Another fucking Dalek episode – Doctor Who, Series 8, Episode 2

WHAT happens when you cross Doctor Who with Fantastic Voyage? You get ‘The Invisible Enemy’ from Tom Baker’s stint, and a lot of bad. Unfortunately, the current showrunners decided to do Fantastic Voyage again with ‘Into the Dalek’, achieving rather similar results. Peter Capaldi’s second adventure as the Doctor – another fucking Dalek episode – is a strangely insubstantial affair with lots of corridor scrambling, electronic yelling and a moral dilemma that’s already been resolved, several times, about three series ago.

If you’ve seen the aforementioned Fantastic Voyage – and even if you haven’t – you should probably have a decent idea of the central premise. The Doctor meets up with a crew of motley wallpaper-thin ‘rebels’ in a hospital ship who are all pinned down by a superior Dalek ship. Turns out they’ve managed to capture an adrift-in-space Dalek that, in its damaged state, has “turned good”. Clara briefly flirts with a soldier-turned-teacher named Danny Pink before promptly getting whisked off by the Timelord to get shrunk down into the Dalek to “fix” it.

Any episode that contends with the (a)morality or identity of Daleks usually sounds like a good idea. Trouble is it’s a very volatile recipe – in 2005’s ‘Dalek’, it worked very well; less so in 2007’s ‘Daleks in Manhattan / Evolution of the Daleks’. ‘Into the Dalek’ thankfully takes its cues from the former episode but adds little to the mix; there’s even a twist on a line from that when the Dalek (christened ‘Rusty’) tells the Doctor, “I am not a good Dalek. You are a good Dalek.” The question the episode centrally poses is: ‘What is a ‘good’ Dalek?’ Despite the wordplay, the answer is ultimately unsurprising (it involves murder). A Dalek’s insides also apparently resemble industrial corridors and are incredibly convenient to run around in.

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Unfortunately, the Daleks are a Doctor Who enemy that have been done to death in nearly every configuration under the sun. Though the production has thankfully nixed the Power Rangers pepper pots of ‘Victory of the Daleks’ and so on, there’s really nothing new on offer here. Rusty’s “I saw the birth of a star” speech is, at its core, similar to Dalek Sec’s gibbering loony speech about the Nightmare Child. The episode feels like an odd amalgamation of good and bad Dalek episodes mushed together into an unseemly disjointed mess. Perhaps it’s impossible at this point to salvage any shred of integrity in the Daleks as villains but, in the writers’ defence, there’s not a whole lot to work with.

Meanwhile, Capaldi’s Doctor still seems uncertain of his identity, both in terms of the performance and the character himself. Capaldi hasn’t quite managed to punch his stamp on the role as we might have expected, despite a few moments of stone-faced coldness. “Am I a good man?” he asks Clara, earnestly. Clara says, “I don’t know.” You don’t, Clara, but we do. This has been a recurring secondary character theme for, essentially, the entire revival. The whole build-up for the retconning nightmare of ‘Day of the Doctor’ was centred squarely on this premise; the only difference being that episode and those like it didn’t have to flat-out tell us what the conflict was. It smacks of manufactured inner turmoil in the absence of actual, involved characterisation. The Doctor openly doubting his ethics does not automatically invest us in his struggle.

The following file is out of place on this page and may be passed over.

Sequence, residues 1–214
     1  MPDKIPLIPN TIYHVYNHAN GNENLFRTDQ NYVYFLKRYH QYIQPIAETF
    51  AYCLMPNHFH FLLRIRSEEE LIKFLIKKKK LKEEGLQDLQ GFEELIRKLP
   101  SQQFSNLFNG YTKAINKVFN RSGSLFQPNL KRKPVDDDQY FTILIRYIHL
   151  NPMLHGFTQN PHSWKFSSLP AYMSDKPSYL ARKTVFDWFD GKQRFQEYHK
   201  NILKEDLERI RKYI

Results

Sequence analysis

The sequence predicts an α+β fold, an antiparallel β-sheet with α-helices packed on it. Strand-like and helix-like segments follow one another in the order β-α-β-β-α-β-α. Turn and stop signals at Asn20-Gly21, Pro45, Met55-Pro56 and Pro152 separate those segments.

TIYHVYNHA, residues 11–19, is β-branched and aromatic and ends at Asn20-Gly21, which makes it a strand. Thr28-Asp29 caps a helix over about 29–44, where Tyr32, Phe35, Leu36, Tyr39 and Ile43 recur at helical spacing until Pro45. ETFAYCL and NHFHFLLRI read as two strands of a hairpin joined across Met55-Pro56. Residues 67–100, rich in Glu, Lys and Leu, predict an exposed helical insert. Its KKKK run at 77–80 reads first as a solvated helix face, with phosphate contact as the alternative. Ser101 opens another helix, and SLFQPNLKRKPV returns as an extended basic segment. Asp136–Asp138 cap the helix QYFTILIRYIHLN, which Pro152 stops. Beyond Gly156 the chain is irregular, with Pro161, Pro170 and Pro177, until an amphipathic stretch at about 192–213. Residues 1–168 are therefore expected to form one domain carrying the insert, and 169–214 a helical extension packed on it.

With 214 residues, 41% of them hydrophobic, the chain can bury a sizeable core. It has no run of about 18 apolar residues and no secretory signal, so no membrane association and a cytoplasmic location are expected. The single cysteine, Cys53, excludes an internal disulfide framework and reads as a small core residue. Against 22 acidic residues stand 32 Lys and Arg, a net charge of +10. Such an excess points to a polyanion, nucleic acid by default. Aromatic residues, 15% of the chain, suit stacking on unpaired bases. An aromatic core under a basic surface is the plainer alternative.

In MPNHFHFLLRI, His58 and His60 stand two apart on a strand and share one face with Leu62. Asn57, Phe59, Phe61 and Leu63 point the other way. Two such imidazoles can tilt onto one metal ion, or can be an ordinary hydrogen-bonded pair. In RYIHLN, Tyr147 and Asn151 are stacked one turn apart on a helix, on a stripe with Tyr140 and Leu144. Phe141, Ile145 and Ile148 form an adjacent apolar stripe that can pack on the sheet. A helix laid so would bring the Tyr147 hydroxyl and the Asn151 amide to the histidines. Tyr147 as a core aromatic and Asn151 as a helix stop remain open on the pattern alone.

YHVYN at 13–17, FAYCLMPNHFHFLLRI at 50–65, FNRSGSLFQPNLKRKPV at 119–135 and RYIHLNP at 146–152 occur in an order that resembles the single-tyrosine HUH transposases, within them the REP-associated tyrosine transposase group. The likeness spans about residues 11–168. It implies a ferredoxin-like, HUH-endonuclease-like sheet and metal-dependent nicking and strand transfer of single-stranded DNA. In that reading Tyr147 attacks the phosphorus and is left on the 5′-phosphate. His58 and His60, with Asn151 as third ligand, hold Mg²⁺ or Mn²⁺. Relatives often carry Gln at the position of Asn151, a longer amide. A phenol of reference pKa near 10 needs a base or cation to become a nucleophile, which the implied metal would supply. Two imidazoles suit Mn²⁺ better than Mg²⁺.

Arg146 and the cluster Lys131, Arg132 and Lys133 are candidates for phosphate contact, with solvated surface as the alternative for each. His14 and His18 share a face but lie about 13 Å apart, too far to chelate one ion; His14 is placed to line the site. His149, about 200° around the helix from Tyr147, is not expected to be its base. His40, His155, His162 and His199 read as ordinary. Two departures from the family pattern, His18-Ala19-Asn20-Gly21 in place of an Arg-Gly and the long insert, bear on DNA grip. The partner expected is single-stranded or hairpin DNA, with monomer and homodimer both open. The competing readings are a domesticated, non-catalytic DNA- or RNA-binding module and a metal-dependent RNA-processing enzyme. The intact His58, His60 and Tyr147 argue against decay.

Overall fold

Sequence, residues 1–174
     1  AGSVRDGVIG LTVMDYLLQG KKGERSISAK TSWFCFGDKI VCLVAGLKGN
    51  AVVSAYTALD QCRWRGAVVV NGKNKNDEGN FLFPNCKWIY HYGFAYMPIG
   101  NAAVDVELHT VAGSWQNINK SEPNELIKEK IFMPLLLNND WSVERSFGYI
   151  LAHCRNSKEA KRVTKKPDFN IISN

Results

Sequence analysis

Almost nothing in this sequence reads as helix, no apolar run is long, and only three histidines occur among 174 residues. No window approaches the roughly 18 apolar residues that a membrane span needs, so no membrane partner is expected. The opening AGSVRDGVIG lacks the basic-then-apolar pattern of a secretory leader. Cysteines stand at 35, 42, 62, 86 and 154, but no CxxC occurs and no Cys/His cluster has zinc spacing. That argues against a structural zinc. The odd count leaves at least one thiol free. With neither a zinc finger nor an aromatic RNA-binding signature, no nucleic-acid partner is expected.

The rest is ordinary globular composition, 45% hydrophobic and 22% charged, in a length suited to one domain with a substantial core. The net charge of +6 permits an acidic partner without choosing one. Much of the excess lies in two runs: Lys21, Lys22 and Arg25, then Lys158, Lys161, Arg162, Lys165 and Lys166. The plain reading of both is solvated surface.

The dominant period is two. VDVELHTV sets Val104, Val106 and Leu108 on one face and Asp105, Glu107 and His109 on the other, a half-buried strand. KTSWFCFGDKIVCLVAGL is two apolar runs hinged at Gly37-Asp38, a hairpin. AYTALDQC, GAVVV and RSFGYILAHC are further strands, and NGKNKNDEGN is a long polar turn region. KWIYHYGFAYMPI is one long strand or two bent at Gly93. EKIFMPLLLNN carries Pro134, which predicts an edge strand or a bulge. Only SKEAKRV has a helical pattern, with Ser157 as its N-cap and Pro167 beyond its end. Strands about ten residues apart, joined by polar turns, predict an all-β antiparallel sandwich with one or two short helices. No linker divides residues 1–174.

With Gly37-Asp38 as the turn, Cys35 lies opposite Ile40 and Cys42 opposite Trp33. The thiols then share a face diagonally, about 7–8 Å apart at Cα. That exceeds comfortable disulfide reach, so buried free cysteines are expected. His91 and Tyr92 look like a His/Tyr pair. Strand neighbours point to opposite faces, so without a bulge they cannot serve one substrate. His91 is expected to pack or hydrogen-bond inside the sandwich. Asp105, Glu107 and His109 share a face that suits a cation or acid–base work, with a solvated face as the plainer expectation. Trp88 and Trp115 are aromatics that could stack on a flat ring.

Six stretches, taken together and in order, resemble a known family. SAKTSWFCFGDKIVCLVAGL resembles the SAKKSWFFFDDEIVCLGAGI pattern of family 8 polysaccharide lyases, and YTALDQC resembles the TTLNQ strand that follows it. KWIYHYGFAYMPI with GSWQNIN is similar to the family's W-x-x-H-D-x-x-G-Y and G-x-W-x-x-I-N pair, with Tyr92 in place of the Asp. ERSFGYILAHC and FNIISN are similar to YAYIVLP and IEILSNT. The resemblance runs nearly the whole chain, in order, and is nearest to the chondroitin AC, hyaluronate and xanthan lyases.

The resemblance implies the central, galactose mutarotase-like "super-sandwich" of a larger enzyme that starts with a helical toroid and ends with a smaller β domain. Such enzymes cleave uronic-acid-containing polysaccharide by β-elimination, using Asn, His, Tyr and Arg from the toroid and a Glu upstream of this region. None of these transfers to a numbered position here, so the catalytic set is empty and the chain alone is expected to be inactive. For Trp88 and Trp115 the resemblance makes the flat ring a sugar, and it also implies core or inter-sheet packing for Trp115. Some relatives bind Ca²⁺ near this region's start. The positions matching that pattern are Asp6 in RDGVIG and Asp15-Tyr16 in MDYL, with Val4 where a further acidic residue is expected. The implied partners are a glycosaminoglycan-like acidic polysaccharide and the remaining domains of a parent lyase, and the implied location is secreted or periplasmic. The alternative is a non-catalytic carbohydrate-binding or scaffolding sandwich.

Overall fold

Elsewhere, Jenna Coleman is still mildly smirking through all her lines ensuring that we as an audience feel absolutely no peril for the entourage’s predicament. From the supporting cast, Samuel Anderson as Mr. Pink is given next to no screen-time beyond some awkward rom-com flirting; Zawe Ashton as Journey Blue (yes, really) looks intense and little else, while Laura dos Santos is utterly anonymous until making a decisive action near the end, thereby reminding us that she’s still in the episode.

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Ben Wheatley’s direction is unobtrusive and engaging when Phil Ford and Steven Moffat’s script isn’t, giving a sufficient sense of claustrophobia to the Dalek’s metallic insides. Ford and Moffat do come out with a few killer lines and exchanges; one prominent example being the Doctor, scrambling to think of a solution to their quandary, saying he will show Rusty “something that will change its mind forever.” When prompted with a “what?” he replies, without missing a beat, “Not a clue.” It’s that sharpness of writing that recent stories have missed and we need some more.

Overall, ‘Into the Dalek’ isn’t a disastrous sophomore outing for Capaldi. After the meditative pace of ‘Deep Breath’, it was wise to have a more dynamic adventure here. Unfortunately it doesn’t have enough weight in its central foci to stand on its own legs, relying too heavily on past episodes and themes. With another yawnsome cameo from Mysterious Overarching Doctor Who Woman #23, we have to wonder how many – if any – new tricks Moffat and co actually have left. Still, early days.

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